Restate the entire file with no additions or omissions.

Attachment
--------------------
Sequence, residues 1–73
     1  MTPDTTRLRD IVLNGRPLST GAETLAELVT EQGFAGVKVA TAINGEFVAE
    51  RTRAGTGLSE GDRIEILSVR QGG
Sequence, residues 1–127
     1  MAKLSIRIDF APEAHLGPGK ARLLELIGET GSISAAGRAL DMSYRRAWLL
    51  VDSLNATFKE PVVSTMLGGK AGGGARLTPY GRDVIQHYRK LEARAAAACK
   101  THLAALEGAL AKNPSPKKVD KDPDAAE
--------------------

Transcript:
Sequence, residues 1–73
     1  MTPDTTRLRD IVLNGRPLST GAETLAELVT EQGFAGVKVA TAINGEFVAE
    51  RTRAGTGLSE GDRIEILSVR QGG
Sequence, residues 1–127
     1  MAKLSIRIDF APEAHLGPGK ARLLELIGET GSISAAGRAL DMSYRRAWLL
    51  VDSLNATFKE PVVSTMLGGK AGGGARLTPY GRDVIQHYRK LEARAAAACK
   101  THLAALEGAL AKNPSPKKVD KDPDAAE